OTTAWA - A training mission described as "relatively safe" by the Conservative government and the military saw its first casualty Saturday with the death of a Canadian soldier in a Taliban suicide car bombing along a busy thoroughfare in Kabul.
Master Cpl. Byron Greff of the 3rd Battalion Princess Patricia's Canadian Light Infantry was killed in the explosion Saturday morning while on his second tour in Afghanistan.
Greff, who was based in Edmonton, served as an advisor and instructor to Afghan army trainers working with Afghan soldiers.
"To say that he was highly respected by his fellow soldiers would be an understatement," Col. Pete Dawe, deputy commander for the Canadian training mission, said in a statement Saturday.
A paratrooper as well as a member of the battalion's reconnaissance platoon, Greff was "extremely fit," and loved hunting and hockey, Dawe said.
His death is the first since Canadian combat operations in Kandahar ended earlier this year and the new Afghan army training mission involving 920 soldiers began.
With Saturday's death, 158 Canadian soldiers have died in connection with the Canadian military's operations in Afghanistan.
Prime Minister Stephen Harper offered his condolences to Greff's family, saying the soldier "paid the ultimate price serving his country."
"His life and death serves as an example of the bravery and outstanding dedication of Canadian Armed Forces members on this mission," the prime minister said in a statement.
Greff was taking a routine trip between between training and headquarters bases in the Afghan capital when a car packed with explosives rammed into a heavily armoured NATO bus known as a Rhino. It was escorted by two heavily armed patrol vehicles at the time.
A total of five NATO soldiers and eight civilian contractors were killed in the blast. Four Afghans died and scores of others were wounded.
According to reports from the scene, the explosion happened as the convoy passed the American University in Kabul. The blast sparked a fireball that littered the street with shrapnel and heavy black smoke.
When it announced almost a year ago that Canada would undertake a training mission until 2014, the Harper government insisted that troops would be safe because instruction would take place behind the wire of fortified bases.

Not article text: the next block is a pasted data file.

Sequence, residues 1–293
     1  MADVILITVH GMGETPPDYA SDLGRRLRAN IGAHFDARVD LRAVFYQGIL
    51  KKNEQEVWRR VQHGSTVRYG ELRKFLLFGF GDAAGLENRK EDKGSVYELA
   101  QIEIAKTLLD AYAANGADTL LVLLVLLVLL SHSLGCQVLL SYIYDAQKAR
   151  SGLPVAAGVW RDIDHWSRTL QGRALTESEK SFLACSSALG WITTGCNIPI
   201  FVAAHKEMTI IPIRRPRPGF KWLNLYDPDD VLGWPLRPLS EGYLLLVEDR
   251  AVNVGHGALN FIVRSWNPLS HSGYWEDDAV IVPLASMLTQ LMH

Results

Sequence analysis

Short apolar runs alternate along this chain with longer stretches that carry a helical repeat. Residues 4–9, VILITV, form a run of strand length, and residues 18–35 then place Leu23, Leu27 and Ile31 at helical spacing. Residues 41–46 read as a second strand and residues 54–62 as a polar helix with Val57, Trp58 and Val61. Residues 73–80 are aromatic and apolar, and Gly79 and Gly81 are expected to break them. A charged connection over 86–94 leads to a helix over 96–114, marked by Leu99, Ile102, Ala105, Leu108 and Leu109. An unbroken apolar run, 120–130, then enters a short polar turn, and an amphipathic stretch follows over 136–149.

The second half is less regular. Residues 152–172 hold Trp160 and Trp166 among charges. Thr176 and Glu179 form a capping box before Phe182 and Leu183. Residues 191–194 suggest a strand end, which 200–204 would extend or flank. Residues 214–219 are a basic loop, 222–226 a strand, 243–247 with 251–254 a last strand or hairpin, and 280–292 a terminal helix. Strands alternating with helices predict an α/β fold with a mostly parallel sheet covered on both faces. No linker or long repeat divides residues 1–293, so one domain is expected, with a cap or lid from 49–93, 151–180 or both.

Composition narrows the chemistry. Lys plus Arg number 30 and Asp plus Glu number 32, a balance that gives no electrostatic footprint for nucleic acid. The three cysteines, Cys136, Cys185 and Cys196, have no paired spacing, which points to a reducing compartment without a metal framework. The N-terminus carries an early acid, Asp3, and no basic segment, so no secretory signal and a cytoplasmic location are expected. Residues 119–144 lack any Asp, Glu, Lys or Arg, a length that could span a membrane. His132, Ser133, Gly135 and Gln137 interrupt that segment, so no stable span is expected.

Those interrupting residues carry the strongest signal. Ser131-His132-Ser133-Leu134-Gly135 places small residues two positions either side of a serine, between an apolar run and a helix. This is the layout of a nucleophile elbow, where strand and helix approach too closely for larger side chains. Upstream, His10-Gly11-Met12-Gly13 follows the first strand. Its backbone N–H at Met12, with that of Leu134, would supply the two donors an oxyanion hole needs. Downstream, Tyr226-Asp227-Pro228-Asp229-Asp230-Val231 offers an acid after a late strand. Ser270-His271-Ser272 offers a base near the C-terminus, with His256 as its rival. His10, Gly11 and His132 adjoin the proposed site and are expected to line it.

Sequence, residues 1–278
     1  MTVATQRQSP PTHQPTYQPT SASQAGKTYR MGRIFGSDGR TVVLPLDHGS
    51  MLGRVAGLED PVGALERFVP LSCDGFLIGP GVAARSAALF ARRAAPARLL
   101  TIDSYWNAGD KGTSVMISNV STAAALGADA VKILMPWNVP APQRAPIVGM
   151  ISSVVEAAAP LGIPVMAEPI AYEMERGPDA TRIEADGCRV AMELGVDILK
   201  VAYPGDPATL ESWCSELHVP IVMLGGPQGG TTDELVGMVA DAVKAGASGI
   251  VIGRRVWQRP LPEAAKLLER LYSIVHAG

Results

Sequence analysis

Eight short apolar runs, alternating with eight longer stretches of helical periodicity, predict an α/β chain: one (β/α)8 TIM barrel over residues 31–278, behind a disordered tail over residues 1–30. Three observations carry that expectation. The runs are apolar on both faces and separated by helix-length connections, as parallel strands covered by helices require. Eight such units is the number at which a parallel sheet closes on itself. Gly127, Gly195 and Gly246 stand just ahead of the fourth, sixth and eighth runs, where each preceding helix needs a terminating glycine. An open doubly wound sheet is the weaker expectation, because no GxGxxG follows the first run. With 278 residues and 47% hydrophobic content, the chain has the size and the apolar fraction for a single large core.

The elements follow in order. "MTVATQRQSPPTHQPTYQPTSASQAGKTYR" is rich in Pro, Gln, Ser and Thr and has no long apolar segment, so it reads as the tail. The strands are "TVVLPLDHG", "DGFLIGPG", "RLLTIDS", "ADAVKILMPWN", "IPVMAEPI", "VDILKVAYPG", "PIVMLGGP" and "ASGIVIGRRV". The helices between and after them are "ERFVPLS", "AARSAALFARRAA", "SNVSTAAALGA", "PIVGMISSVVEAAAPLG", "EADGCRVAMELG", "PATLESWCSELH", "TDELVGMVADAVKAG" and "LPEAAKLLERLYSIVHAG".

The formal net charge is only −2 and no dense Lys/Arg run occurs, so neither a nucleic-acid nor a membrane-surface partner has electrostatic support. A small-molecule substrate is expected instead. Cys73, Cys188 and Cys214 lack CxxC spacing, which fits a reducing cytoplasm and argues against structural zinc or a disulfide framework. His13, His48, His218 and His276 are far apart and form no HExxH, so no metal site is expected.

But Kabul has become an increasing focus for spectacular Taliban attacks, including a 20 hour shoot-out near NATO's main headquarters and the U.S. embassy last month a gunfight that involved Canadian troops who'd just arrived at Camp Eggers in a convoy.
"Afghanistan is a dangerous place," said Lt.-Col. Christian LeMay, a spokesman for Canada's Ottawa-based overseas headquarters. "Precautions have to be taken and in this case precautions were taken. It was a bad attack."
Walter Dorn, an expert in peacekeeping and the Afghan conflict at the Royal Military College of Canada, said no mission, even for training, is without danger.
"The Canadian government calls it a non-combat mission, but there are cases where you might find your soldiers actually engaged in combat, if only for self-protection," he said.
Insurgents clearly intend to target the Afghan army trainees and their foreign instructors both in the field and in their camps, he said.
Both NDP Leader Nycole Turmel and Liberal leader Bob Rae expressed their condolences to the family of the dead soldier.
The death shows the continuing dangers in Afghanistan, Rae said, but "the training mission is probably the least risky of any potential presence in Afghanistan."
The Taliban claimed responsibility for the Kabul attack, as well as for another suicide bombing outside a government intelligence office in the northwest province of Kunar.
It was the deadliest single attack against the U.S.-led coalition since the Taliban shot down a NATO helicopter on Aug. 6 in an eastern Afghan province, killing 30 U.S. troops, most of them elite Navy SEALs, and eight Afghans.
The commander of all Canadian troops overseas, Lt.-Gen. Stuart Beare, says insurgents have been focusing on headline-grabbing attacks that are meant to undermine confidence in the Afghan government.
"They are going to be trying to do this all of time," Beare said an interview with The Canadian Press, conducted before Saturday's deadly bombing. "They're not after territorial gain. They're going to continue to attack in the perception space and the idea that Afghanistan will never be safe."
Referring to the assault last month, Beare said Canadian troops have full authority to open fire in self-defence no matter the circumstances.
"They will protect their partners," he said. "We are not prohibited from protecting others and why would we be? If we are moving between location A and location B and we are fired upon, we will definitely protect ourselves and our partners."
The Kabul attack occurred near the landmark Darulaman Palace, the bombed-out seat of former Afghan kings.
Canadians, along with soldiers from several other countries, are training Afghan army trainers at a base near the palace.
Buses, which shuttle thousands of troops around the embattled capital have long been tempting targets going right back to the beginning of the war.
Four German soldiers were killed and 31 injured when a suicide bomber in a taxi rammed their unarmoured bus in June 2003. The troops had been scheduled to leave Kabul on that day after a six-month deployment.
A year later, Cpl. Jamie Murphy, of the 1st Battalion Royal Canadian Regiment, was killed when a bomber threw himself on the hood of a jeep near the site of Saturday's bombing.
And in April 2010, Col. Geoff Parker, the highest ranking Canadian to die in Afghanistan, was killed along with five Americans by a suicide bomber in Kabul.
__With files from Paola Loriggio in Toronto